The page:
[114 NJSuper Page 395]

can be cross-examined by the defendant regarding the co-defendant's confession which implicates the defendant, there is nevertheless inevitable prejudice to the defendant that cannot adequately be met by cross-examination. But we cannot view Bruton as expressing sub silentio a doctrine which would declare all joint trials invalid whenever a co-defendant has given a confession which implicates the other defendant, even though both defendants, as here took the stand and there is full opportunity to cross-examine the co-defendant who made the confession. We do not feel at liberty to extend its holding to what may appear to be the logical next step of declaring all such joint trials inevitably unconstitutional for lack of due process. *

John's choice not to cross-examine Nathaniel regarding the confession does not destroy the reality that Nathaniel was available for that purpose. The right of confrontation is satisfied where there is the opportunity for cross-examination and does not require that the opportunity be exercised. * If John's cross-examination of Nathaniel could not have been of any use to John, this is only because Nathaniel had already given John the benefit on his direct examination and cross-examination by the state of the disavowal of his confession which John normally might have hoped to achieve by cross-examination. That it came voluntarily from Nathaniel instead of being wrung from him on cross-examination shows only that cross-examination was unnecessary and not that it was unavailable. *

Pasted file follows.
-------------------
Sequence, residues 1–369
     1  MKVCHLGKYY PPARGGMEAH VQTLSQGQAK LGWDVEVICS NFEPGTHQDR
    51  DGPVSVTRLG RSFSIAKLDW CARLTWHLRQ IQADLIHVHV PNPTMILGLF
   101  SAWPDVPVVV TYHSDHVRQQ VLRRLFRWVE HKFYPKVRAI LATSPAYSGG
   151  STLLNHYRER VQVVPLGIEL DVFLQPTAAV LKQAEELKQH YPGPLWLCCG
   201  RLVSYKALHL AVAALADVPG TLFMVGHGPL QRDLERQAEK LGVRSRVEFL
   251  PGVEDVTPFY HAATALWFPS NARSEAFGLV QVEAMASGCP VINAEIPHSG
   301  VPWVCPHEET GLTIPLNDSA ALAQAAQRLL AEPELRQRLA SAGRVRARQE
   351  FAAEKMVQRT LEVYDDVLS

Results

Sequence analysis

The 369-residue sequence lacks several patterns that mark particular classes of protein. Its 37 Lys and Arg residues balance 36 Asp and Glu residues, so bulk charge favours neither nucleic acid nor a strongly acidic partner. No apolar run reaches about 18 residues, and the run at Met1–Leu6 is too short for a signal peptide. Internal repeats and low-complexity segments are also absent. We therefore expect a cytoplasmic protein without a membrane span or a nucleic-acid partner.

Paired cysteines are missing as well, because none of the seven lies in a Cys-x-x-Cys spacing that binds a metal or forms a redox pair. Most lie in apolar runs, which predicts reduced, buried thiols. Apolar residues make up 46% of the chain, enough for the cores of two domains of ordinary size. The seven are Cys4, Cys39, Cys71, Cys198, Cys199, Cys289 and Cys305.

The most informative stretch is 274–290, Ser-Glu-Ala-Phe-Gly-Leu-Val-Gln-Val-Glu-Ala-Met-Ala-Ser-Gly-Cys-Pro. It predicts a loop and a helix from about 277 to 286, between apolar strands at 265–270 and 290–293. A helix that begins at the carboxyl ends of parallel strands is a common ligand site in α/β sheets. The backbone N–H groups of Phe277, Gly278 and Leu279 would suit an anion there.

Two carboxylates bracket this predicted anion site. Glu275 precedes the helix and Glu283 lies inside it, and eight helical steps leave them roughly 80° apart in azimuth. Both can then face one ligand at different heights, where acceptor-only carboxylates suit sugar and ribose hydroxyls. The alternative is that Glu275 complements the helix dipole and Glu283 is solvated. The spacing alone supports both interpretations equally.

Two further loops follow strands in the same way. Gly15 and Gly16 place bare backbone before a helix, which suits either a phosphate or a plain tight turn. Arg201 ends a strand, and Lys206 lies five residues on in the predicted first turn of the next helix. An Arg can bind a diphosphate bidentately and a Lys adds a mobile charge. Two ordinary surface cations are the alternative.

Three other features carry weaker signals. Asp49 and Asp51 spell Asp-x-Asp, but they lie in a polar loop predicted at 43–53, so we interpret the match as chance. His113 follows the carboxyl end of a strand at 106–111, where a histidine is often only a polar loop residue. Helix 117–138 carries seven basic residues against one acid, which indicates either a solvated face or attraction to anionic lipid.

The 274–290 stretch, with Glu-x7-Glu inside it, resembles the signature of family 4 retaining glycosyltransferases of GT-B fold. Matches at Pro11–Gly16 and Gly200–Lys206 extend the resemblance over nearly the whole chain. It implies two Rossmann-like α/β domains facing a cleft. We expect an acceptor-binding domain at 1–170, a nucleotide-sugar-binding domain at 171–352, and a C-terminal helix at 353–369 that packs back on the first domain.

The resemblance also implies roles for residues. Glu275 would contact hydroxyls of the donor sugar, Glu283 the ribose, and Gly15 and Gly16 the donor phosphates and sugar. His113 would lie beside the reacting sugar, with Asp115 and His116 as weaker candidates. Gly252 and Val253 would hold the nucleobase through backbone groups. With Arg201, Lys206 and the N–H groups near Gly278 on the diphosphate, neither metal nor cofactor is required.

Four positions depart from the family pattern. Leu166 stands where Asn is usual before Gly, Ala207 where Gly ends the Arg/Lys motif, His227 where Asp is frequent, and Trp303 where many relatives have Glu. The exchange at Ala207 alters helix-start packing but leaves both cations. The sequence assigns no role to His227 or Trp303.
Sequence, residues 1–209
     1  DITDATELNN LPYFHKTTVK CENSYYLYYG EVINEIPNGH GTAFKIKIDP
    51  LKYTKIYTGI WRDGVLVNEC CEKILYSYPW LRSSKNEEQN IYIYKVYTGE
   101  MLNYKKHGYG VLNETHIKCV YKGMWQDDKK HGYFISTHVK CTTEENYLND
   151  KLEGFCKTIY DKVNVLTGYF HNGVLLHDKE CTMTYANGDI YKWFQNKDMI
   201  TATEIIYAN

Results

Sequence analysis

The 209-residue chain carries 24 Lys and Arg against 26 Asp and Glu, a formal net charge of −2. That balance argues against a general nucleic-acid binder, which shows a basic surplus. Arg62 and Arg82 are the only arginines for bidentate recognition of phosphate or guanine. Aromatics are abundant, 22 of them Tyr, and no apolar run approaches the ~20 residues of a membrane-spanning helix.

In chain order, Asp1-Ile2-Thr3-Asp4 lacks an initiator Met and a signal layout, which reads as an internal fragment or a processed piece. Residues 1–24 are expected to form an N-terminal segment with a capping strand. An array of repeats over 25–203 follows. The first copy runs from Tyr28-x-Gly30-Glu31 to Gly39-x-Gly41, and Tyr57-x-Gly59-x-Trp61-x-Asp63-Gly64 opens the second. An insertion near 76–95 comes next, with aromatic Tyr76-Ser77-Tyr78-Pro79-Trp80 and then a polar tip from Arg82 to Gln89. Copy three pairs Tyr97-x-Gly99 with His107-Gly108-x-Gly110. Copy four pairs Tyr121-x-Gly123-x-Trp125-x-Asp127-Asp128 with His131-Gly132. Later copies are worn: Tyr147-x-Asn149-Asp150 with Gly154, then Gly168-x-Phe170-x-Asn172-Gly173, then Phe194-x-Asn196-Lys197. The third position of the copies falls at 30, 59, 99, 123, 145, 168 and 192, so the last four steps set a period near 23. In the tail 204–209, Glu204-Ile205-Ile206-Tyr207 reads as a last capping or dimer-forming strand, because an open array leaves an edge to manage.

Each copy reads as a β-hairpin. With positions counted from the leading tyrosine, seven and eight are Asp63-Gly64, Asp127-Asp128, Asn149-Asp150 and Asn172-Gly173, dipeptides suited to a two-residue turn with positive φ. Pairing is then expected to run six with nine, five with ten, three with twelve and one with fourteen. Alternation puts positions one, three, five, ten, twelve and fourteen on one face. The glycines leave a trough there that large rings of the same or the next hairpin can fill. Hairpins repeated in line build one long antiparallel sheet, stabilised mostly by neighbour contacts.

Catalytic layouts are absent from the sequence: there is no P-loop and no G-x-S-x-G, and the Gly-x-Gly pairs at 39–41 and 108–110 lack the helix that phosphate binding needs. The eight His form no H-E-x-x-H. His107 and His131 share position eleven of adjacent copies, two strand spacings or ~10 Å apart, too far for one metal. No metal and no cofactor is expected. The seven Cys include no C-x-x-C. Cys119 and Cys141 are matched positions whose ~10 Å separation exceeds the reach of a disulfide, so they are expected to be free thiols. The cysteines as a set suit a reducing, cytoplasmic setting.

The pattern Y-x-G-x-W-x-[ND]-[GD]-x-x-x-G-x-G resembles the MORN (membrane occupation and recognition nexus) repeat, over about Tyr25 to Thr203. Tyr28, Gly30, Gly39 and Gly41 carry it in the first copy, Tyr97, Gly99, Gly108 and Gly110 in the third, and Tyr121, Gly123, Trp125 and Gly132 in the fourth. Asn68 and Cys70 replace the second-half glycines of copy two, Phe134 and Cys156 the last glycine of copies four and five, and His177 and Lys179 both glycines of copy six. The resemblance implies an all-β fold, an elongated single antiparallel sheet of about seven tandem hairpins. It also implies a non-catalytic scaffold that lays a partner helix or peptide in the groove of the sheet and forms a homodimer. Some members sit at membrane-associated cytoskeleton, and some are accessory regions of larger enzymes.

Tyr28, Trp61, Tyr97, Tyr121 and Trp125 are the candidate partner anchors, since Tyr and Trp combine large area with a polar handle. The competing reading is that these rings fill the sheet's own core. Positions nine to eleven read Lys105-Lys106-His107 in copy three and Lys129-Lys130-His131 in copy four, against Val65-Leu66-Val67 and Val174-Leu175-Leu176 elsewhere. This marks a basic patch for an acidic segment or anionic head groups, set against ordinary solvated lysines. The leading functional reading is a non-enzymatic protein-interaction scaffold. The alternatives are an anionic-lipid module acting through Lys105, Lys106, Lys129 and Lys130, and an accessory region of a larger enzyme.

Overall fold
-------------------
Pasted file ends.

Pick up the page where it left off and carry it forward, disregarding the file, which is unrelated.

We hold, therefore, that John suffered no deprivation of his constitutional right of confrontation which made the admission of Nathaniel's confession constitutionally invalid as to John. * [415 F.2d at 571-573]

However, even if Wade were not entirely controlling, we find that, in light of the record, any Bruton error was "harmless beyond a reasonable doubt." Harrington v. California , 395 U.S. 250, 89 S. Ct. 1726, 23 L. Ed. 2d 284 (1969); Chapman v. California , 386 U.S. 18, 87 S. Ct. 824, 17 L. Ed. 2d 705 reh. den. 386 U.S. 987, 87 S. Ct. 1283, 18 L. Ed. 2d 241 (1967); State v. Macon , 57 N.J. 325, 338 (1971); cf. Dutton v. Evans , 400 U.S. 74, 91 S. Ct. 210, 27 L. Ed. 2d 213 (1970).